The report, known as the NJ Elder Economic Index, indicates that the average Social Security for a woman being $14,848. But average living expenses for a one-bedroom apartment in New Jersey has reached the $27,960 mark. So how can we expect to call these the golden years if elders must choose between food, heat, shelter or prescriptions? Even if a person worked and saved for retirement this rise in costs are unprecedented and these elders are one step from their own ‘fiscal cliff’. The New Jersey Foundation for Aging wants to alert and connect elders to resources in their community that might ease the financial strain they may be feeling each day. 

A woman receiving $14,848 from Social Security as her sole income with the average costs of a one bedroom apartment at $27,960 is only 53% economically secure.  At this income level she would be eligible for several food and nutrition programs, as well utility assistance programs. These programs would improve her quality of life and enable her to use her income to cover more of her basic living costs, but she would still fall short of meeting her costs by 21%. The only public benefit program that would help her to close the gap is affordable housing. 

The most costly portion of an elder’s monthly expenses is their housing. More than 46 percent of their income must go towards their housing, taxes and utilities.  This highlights the need for more affordable housing. The state’s housing shortage has been documented for several decades. And the need for affordable housing in the community for people of all ages has only been further stressed by the recent storms and floods across the state. Public awareness is a key component to help local advocates, state policy makers, municipal leaders and planners address current and future needs. Where you live at age 65 or 70?  Persons over age 75 and older have even fewer income assets. Where will your parents live at age 85?

If these funds are not protected and utilized, Otherwise low-income seniors and low-income families will continue to be displaced by Sandy and homeless for many years to come. Each municipality’s affordable housing trust funds are needed now more than ever for the development of new housing because of the impact of hurricane Sandy. We cannot afford to be silent on this issue. Elders who have been active in their community who want to downsize need affordable housing options; working families who want good schools and safe streets need affordable housing; health care workers who want to be close to their work and patients need affordable housing. A healthy blend of housing types is crucial to nurture a community’s cultural and social vitality as well as its economic base. “NJ Strong” must include affordable housing options to serve it residents and to build back the local economy.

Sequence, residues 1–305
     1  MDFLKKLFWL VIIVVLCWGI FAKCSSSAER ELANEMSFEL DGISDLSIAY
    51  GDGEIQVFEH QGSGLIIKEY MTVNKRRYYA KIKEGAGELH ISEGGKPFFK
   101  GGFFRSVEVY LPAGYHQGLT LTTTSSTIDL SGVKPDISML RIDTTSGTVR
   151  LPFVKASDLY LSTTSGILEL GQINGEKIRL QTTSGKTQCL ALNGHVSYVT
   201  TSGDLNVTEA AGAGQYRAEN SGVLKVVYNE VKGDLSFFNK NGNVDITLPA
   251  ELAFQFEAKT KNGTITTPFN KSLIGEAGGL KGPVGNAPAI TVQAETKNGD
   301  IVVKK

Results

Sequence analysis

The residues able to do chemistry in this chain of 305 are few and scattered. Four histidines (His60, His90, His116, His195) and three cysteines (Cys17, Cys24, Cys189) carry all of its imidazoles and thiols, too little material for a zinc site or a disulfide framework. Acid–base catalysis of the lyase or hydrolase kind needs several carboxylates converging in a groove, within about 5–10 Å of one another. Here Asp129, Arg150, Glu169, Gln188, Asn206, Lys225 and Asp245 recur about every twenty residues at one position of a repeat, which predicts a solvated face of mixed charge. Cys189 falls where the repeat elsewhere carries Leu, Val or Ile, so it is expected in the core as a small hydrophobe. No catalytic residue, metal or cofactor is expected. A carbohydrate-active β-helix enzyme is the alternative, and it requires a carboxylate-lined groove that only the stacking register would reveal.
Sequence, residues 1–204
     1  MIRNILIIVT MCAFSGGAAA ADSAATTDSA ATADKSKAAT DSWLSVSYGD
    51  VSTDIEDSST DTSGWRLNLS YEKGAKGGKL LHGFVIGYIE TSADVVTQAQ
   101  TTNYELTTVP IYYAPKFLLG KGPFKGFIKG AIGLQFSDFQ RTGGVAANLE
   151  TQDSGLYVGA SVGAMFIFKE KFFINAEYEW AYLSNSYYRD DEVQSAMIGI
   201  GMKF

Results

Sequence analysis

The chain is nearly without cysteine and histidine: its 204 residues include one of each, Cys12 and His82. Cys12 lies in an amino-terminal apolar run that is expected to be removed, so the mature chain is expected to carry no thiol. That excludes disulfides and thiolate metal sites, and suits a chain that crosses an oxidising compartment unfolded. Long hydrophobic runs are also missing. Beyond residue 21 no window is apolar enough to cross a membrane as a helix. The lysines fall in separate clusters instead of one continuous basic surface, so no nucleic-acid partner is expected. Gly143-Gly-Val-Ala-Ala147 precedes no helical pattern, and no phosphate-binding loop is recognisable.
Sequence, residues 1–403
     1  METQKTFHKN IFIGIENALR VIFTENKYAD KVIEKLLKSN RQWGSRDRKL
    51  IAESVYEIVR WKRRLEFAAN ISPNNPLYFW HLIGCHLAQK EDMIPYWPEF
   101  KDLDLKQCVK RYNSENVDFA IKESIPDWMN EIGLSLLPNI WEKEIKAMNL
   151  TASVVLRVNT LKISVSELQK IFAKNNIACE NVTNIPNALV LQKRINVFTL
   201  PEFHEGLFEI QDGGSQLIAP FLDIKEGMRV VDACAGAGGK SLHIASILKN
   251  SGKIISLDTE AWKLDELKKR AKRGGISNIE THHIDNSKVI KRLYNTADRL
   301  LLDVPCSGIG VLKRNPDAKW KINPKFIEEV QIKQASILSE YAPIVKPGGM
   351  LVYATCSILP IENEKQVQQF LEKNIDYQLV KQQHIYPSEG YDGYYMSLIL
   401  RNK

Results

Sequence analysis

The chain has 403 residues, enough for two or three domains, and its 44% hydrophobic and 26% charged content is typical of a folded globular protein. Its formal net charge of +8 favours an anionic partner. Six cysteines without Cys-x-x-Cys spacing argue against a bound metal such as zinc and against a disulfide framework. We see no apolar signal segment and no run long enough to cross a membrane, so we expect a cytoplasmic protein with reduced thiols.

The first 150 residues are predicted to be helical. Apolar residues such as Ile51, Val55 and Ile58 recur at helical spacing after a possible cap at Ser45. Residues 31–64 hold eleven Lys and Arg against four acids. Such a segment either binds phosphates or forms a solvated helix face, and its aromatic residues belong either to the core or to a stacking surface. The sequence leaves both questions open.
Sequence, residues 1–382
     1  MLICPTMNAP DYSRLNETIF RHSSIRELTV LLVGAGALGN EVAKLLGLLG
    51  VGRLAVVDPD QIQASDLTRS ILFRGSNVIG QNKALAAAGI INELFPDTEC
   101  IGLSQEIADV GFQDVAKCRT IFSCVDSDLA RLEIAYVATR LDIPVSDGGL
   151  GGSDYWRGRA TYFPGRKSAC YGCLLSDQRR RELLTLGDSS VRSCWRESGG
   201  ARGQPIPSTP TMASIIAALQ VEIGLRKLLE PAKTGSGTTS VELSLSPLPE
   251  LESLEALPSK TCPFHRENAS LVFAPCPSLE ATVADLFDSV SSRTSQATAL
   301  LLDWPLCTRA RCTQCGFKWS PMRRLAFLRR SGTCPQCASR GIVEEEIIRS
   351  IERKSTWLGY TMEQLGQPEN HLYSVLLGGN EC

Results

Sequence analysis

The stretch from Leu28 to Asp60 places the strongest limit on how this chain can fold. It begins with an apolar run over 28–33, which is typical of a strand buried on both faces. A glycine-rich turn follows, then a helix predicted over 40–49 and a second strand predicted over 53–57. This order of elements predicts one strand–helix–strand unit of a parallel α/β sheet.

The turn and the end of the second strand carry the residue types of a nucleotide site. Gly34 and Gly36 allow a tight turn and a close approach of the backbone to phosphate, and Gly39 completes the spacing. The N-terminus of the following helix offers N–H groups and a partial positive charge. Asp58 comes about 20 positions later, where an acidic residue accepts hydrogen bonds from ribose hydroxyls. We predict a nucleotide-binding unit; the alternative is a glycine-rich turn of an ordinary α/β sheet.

*this was submitted and printed as an op-ed in the Asbury Park Press on 6/19/13 by Grace Egan, Executive Director, NJFA

NJFA 14th Annual Conference!

Monday, March 12th, 2012

NJFA 14th Annual Conference!

 NJFA will hold its 14th Annual Conference on Thursday, June 14th at the Crowne Plaza Monroe. This year’s conference, titled, Addressing the Needs of Diverse Populations will feature two nationally recognized keynote speakers.

 The morning keynote presentation will be given by Linda Couch, Senior Vice President for Policy and Research at the National Low Income Housing Coalition. Linda oversees NLIHC’s policy and research teams and focuses her work focuses on public and assisted housing, budget and appropriations, the National Housing Trust Fund, and other issues. Ms. Couch will discuss advocacy opportunities and strategies for affordable housing. Her discussion will encourage action on particular issues while educating attendees about issues within the affordable housing network.

The luncheon keynote address will be given by nationally recognized writer, Suzanne Braun Levine. Ms. Braun Levine was the first editor of Ms. Magazine and is the author of a number of books on women, family issues and media. Her new book HOW WE LOVE NOW: Sex and the New Intimacy in Second Adulthood is the “third chapter” in her ongoing conversation with women in second adulthood, the stage she celebrated in two popular books: 50 Is the New Fifty: 10 Life Lessons for Women in Second Adulthood and Inventing the Rest of Our Lives: Women in Second Adulthood. NJFA is pleased to have Ms. Braun Levine speak to the audience at our 14th Annual Conference.

We hope to see you all there! For more information about the conference visit:

 www.njfoundationforaging.org or call us at 609-421-0206.

New Program from NJ Housing and Mortgage Finance Agency to help those facing foreclosure

Wednesday, May 4th, 2011

New Jersey HomeKeeper Program

Many people have felt the impact of the recession due to unemployment or underemployment. You may be asking, what is being done to help? New Jersey Housing and Mortgage Finance Agency has announced a new program to help those at risk of losing their home. The program is called New Jersey HomeKeeper and it will be available starting May 9, 2011.